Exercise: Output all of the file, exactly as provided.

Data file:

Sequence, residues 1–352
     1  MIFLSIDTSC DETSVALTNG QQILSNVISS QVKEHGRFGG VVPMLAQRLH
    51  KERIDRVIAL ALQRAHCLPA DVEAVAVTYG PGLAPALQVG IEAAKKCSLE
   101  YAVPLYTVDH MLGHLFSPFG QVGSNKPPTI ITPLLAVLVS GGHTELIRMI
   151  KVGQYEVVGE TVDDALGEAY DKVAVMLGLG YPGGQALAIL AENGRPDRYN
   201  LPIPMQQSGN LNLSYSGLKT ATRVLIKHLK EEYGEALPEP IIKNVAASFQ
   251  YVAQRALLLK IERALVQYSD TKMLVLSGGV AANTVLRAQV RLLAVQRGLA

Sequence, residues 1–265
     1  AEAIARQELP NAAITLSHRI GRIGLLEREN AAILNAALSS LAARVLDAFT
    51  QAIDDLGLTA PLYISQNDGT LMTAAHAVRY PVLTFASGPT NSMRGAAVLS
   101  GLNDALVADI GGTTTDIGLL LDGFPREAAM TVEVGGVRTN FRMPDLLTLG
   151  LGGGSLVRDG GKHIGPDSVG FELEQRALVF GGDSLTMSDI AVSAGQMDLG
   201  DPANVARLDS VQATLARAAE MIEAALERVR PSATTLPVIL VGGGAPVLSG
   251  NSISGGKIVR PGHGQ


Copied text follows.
Sequence, residues 1–352
     1  MIFLSIDTSC DETSVALTNG QQILSNVISS QVKEHGRFGG VVPMLAQRLH
    51  KERIDRVIAL ALQRAHCLPA DVEAVAVTYG PGLAPALQVG IEAAKKCSLE
   101  YAVPLYTVDH MLGHLFSPFG QVGSNKPPTI ITPLLAVLVS GGHTELIRMI
   151  KVGQYEVVGE TVDDALGEAY DKVAVMLGLG YPGGQALAIL AENGRPDRYN
   201  LPIPMQQSGN LNLSYSGLKT ATRVLIKHLK EEYGEALPEP IIKNVAASFQ
   251  YVAQRALLLK IERALVQYSD TKMLVLSGGV AANTVLRAQV RLLAVQRGLA

Sequence, residues 1–265
     1  AEAIARQELP NAAITLSHRI GRIGLLEREN AAILNAALSS LAARVLDAFT
    51  QAIDDLGLTA PLYISQNDGT LMTAAHAVRY PVLTFASGPT NSMRGAAVLS
   101  GLNDALVADI GGTTTDIGLL LDGFPREAAM TVEVGGVRTN FRMPDLLTLG
   151  LGGGSLVRDG GKHIGPDSVG FELEQRALVF GGDSLTMSDI AVSAGQMDLG
   201  DPANVARLDS VQATLARAAE MIEAALERVR PSATTLPVIL VGGGAPVLSG
   251  NSISGGKIVR PGHGQ